Watch out for the quiet ones – Presenting the introvert

Is it possible that a self-confessed introvert could find the courage to speak for a whole 19 minutes on the highly prestigious platform of TED, and then have that very same speech viewed over 10 million times on TED and over 3 million on YouTube?

In February 2012 Susan Cain did exactly that.

As you will see from this video she walked onto the coveted stage holding a bag full of books to tell the world that in a culture where it’s the extrovert who is given all of the attention and recognition that introverts have extraordinary gifts to offer the world too.

Actually, she didn’t just say it, she demonstrated it as well, shattering the myth that the best speakers are the gregarious exhibitionists who were born to own the stage and speak.

Here is how she did it:

“So I just published a book about introversion, and it took me about seven years to write. And for me, that seven years was like total bliss, because I was reading, I was writing, I was thinking, I was researching. But now all of a sudden my job is very different, and my job is to be out here talking about it, talking about introversion. And that’s a lot harder for me, because as honored as I am to be here with all of you right now, this is not my natural milieu.”

She practiced:

“So I prepared for moments like these as best I could. I spent the last year practicing public speaking every chance I could get. And I call this my year of speaking dangerously”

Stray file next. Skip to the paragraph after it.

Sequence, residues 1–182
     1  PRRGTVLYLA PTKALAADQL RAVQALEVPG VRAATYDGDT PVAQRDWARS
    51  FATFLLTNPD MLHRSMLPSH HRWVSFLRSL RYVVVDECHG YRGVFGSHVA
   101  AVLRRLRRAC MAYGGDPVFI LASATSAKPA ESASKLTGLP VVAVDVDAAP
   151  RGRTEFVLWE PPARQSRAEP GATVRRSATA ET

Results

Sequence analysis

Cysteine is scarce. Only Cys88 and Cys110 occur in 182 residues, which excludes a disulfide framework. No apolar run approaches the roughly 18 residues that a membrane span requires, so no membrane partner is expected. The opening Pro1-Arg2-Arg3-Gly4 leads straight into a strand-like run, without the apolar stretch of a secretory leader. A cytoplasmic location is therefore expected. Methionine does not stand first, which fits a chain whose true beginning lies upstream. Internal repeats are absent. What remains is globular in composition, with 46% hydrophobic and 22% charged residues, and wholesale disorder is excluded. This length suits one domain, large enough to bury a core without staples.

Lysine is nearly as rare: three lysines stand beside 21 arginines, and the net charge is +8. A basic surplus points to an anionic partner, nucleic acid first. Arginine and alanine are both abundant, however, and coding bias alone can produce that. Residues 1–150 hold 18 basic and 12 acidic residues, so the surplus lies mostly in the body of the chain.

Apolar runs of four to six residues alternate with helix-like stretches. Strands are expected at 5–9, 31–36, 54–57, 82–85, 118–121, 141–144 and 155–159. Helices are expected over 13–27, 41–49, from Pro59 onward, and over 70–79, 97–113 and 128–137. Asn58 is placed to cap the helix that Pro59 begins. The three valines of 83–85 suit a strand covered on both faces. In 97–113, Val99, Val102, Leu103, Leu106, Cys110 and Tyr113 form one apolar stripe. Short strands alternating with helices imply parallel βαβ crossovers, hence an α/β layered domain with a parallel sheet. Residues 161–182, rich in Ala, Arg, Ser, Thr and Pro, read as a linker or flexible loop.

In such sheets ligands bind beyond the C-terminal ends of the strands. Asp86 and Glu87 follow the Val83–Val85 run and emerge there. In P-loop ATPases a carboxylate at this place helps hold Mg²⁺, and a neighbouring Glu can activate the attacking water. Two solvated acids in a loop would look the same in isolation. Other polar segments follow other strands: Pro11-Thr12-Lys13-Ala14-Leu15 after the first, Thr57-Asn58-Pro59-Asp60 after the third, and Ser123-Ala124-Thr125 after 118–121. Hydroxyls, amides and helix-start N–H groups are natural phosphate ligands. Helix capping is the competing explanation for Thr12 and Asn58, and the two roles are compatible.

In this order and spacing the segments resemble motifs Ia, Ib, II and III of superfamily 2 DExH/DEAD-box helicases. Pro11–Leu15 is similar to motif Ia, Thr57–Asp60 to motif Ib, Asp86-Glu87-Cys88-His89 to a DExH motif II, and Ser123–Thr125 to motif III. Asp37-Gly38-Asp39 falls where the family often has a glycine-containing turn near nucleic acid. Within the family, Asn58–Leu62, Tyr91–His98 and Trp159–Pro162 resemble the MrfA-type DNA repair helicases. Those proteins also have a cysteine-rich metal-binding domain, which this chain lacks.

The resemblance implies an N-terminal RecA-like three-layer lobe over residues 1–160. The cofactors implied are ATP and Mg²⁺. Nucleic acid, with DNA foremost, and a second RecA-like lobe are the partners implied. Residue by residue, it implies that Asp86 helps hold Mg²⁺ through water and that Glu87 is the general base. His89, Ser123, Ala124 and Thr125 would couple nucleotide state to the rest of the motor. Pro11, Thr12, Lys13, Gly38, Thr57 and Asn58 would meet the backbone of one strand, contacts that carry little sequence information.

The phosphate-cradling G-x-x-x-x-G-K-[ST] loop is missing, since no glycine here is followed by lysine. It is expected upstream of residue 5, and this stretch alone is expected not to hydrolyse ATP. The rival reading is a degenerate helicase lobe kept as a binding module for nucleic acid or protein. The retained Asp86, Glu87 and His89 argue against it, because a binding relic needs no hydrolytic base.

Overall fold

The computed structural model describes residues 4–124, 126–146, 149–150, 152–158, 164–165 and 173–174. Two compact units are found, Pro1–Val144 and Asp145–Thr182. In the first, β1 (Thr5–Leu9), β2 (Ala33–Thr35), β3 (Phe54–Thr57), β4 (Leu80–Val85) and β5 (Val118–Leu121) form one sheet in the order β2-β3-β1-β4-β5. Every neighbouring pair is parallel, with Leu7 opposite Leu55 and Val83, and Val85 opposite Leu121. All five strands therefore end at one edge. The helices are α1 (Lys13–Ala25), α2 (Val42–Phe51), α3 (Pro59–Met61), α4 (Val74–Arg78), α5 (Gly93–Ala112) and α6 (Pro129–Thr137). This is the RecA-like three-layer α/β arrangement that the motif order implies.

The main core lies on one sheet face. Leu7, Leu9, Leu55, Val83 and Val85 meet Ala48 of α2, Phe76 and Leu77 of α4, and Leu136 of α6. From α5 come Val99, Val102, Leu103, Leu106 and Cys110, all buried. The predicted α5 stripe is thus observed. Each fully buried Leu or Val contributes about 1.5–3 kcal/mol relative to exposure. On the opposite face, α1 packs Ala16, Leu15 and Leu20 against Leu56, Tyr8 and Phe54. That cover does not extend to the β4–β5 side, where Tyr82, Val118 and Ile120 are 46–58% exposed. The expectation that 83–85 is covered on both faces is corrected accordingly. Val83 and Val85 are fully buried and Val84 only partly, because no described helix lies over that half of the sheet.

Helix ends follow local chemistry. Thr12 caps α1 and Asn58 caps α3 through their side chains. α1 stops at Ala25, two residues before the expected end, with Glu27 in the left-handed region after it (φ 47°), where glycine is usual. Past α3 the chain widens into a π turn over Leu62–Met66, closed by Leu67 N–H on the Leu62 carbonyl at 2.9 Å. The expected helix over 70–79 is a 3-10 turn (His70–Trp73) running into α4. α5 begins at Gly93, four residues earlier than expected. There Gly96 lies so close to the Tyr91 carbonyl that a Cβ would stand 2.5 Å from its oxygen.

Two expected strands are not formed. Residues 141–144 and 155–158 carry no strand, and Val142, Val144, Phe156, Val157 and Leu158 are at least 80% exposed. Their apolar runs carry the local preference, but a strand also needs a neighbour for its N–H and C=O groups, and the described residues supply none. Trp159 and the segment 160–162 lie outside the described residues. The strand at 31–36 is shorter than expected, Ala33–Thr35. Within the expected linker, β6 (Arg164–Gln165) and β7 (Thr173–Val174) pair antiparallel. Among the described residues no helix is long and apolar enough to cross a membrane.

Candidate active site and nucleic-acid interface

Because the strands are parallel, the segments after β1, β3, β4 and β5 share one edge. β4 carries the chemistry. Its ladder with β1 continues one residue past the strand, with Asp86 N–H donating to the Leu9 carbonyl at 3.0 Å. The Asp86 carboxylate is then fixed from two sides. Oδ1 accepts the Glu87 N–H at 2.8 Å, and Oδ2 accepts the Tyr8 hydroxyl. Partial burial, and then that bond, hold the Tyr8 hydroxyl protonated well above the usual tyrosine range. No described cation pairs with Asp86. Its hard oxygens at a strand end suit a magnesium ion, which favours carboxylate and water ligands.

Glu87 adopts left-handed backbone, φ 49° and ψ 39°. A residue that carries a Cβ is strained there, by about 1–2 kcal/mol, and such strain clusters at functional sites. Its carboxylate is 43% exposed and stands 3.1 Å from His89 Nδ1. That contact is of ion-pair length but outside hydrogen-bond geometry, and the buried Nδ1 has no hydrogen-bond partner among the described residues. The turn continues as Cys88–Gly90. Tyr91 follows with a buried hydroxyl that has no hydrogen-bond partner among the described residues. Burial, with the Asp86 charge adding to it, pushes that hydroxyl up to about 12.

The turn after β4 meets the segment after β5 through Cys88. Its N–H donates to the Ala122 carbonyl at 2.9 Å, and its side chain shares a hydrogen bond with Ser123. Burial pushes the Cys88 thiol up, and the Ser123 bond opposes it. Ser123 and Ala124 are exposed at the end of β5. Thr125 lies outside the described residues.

At Mindful Presenter we meet people like Susan every day.

These are people who consider themselves to be introverts where speaking openly in public is not their ‘natural milieu’ but they are required to do so as part of their job.

In less than a minute (40 seconds to be exact) Ms Cain has the audience, curious, engaged, relaxed and even laughing:

“When I was nine years old I went off to summer camp for the first time. And my mother packed me a suitcase full of books, which to me seemed like a perfectly natural thing to do. Because in my family, reading was the primary group activity. And this might sound antisocial to you, but for us it was really just a different way of being social. You have the animal warmth of your family sitting right next to you, but you are also free to go roaming around the adventure land inside your own mind. And I had this idea that camp was going to be just like this, but better. I had a vision of 10 girls sitting in a cabin cozily reading books in their matching nightgowns.”